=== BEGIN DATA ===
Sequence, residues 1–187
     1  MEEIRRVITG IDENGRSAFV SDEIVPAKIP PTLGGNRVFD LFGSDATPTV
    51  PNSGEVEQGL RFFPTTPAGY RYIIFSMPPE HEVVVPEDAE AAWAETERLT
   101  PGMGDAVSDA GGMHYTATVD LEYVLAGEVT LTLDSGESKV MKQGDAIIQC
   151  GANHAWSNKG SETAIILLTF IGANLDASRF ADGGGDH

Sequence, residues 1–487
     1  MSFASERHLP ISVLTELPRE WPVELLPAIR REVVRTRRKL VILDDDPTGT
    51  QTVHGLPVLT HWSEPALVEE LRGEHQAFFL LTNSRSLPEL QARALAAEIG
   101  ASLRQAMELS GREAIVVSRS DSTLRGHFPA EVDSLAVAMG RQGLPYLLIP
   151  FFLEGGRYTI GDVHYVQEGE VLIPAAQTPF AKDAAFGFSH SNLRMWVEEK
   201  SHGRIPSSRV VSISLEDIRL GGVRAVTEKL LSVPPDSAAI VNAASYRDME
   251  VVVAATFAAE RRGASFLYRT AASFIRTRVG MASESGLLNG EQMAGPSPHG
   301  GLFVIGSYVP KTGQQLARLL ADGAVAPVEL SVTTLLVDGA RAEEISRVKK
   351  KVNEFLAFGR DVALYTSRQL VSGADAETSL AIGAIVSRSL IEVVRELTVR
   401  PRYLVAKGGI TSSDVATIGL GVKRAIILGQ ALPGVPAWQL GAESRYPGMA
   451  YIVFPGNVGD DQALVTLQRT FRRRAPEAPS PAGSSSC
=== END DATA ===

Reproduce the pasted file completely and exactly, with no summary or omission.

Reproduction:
Sequence, residues 1–187
     1  MEEIRRVITG IDENGRSAFV SDEIVPAKIP PTLGGNRVFD LFGSDATPTV
    51  PNSGEVEQGL RFFPTTPAGY RYIIFSMPPE HEVVVPEDAE AAWAETERLT
   101  PGMGDAVSDA GGMHYTATVD LEYVLAGEVT LTLDSGESKV MKQGDAIIQC
   151  GANHAWSNKG SETAIILLTF IGANLDASRF ADGGGDH

Sequence, residues 1–487
     1  MSFASERHLP ISVLTELPRE WPVELLPAIR REVVRTRRKL VILDDDPTGT
    51  QTVHGLPVLT HWSEPALVEE LRGEHQAFFL LTNSRSLPEL QARALAAEIG
   101  ASLRQAMELS GREAIVVSRS DSTLRGHFPA EVDSLAVAMG RQGLPYLLIP
   151  FFLEGGRYTI GDVHYVQEGE VLIPAAQTPF AKDAAFGFSH SNLRMWVEEK
   201  SHGRIPSSRV VSISLEDIRL GGVRAVTEKL LSVPPDSAAI VNAASYRDME
   251  VVVAATFAAE RRGASFLYRT AASFIRTRVG MASESGLLNG EQMAGPSPHG
   301  GLFVIGSYVP KTGQQLARLL ADGAVAPVEL SVTTLLVDGA RAEEISRVKK
   351  KVNEFLAFGR DVALYTSRQL VSGADAETSL AIGAIVSRSL IEVVRELTVR
   401  PRYLVAKGGI TSSDVATIGL GVKRAIILGQ ALPGVPAWQL GAESRYPGMA
   451  YIVFPGNVGD DQALVTLQRT FRRRAPEAPS PAGSSSC